We are so used to applications on our phones and computers shouting at us every two seconds to update them to the latest version that we can become blind to new releases of software that don't ram the fact they are updated down your throat.
Git is a fine example of this, like most command line tools it will happily sit on whichever version you happen to have installed way back when, and that is fine, except for if you installed Git a year or more ago you might be missing out on some new features and bug fixes.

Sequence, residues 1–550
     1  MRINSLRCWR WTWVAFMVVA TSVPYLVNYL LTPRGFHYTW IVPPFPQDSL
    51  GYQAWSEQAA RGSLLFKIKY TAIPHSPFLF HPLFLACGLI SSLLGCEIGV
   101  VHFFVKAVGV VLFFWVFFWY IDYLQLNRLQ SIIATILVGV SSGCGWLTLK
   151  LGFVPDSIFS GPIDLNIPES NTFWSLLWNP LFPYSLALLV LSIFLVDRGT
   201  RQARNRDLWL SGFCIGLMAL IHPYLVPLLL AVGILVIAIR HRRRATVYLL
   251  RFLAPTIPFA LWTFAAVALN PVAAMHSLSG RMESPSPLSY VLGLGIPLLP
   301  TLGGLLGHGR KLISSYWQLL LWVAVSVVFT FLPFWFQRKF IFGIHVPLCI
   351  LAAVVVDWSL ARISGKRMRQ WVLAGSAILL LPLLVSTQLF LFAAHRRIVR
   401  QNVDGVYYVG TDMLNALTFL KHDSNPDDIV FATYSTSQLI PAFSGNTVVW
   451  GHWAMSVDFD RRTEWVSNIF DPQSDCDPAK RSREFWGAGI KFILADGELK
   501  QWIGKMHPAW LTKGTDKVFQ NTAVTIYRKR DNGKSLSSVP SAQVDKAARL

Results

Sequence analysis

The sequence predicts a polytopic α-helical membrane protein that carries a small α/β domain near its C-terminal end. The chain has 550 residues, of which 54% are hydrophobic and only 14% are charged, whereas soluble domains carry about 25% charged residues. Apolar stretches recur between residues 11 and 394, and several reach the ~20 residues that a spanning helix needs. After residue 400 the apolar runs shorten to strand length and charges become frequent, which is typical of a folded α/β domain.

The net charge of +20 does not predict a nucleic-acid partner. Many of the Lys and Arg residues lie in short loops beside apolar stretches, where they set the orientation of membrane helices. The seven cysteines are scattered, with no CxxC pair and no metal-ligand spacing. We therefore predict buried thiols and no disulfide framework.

To find out what version of Git you are running simply type
git --version into your command line, I am going to guess it is sitting at 1.7.x.
As of writing the most recent stable version is 126.96.36.199, if you want to see what the difference is between your version and the current version take a look at this Git Changelog.
How you installed Git will have some influence on how you update it, on OSx I think Git comes pre-installed so what I have had to do in the past is download the .dmg file from the Git website and install the latest version, making sure to add the install location of the new Git to my PATH variable so it is seen as the version of Git to use.